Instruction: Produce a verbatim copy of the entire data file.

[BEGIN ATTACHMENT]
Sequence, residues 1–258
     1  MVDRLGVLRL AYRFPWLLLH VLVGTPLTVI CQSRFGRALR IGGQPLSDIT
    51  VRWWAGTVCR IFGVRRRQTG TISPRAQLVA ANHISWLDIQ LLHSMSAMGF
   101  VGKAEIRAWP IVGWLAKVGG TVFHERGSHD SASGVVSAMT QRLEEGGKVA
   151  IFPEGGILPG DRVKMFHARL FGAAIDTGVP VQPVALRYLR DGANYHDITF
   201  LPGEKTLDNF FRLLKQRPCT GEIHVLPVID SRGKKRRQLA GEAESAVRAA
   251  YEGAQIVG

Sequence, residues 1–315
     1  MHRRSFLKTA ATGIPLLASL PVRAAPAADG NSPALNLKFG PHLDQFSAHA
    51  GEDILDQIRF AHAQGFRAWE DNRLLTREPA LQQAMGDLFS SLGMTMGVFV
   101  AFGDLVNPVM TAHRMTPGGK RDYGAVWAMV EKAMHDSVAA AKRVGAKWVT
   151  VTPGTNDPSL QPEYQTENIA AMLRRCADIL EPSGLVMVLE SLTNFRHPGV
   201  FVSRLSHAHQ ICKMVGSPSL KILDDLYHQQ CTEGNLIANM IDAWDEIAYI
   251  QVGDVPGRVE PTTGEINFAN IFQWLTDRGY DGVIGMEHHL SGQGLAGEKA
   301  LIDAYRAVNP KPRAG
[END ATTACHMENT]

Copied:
Sequence, residues 1–258
     1  MVDRLGVLRL AYRFPWLLLH VLVGTPLTVI CQSRFGRALR IGGQPLSDIT
    51  VRWWAGTVCR IFGVRRRQTG TISPRAQLVA ANHISWLDIQ LLHSMSAMGF
   101  VGKAEIRAWP IVGWLAKVGG TVFHERGSHD SASGVVSAMT QRLEEGGKVA
   151  IFPEGGILPG DRVKMFHARL FGAAIDTGVP VQPVALRYLR DGANYHDITF
   201  LPGEKTLDNF FRLLKQRPCT GEIHVLPVID SRGKKRRQLA GEAESAVRAA
   251  YEGAQIVG

Sequence, residues 1–315
     1  MHRRSFLKTA ATGIPLLASL PVRAAPAADG NSPALNLKFG PHLDQFSAHA
    51  GEDILDQIRF AHAQGFRAWE DNRLLTREPA LQQAMGDLFS SLGMTMGVFV
   101  AFGDLVNPVM TAHRMTPGGK RDYGAVWAMV EKAMHDSVAA AKRVGAKWVT
   151  VTPGTNDPSL QPEYQTENIA AMLRRCADIL EPSGLVMVLE SLTNFRHPGV
   201  FVSRLSHAHQ ICKMVGSPSL KILDDLYHQQ CTEGNLIANM IDAWDEIAYI
   251  QVGDVPGRVE PTTGEINFAN IFQWLTDRGY DGVIGMEHHL SGQGLAGEKA
   301  LIDAYRAVNP KPRAG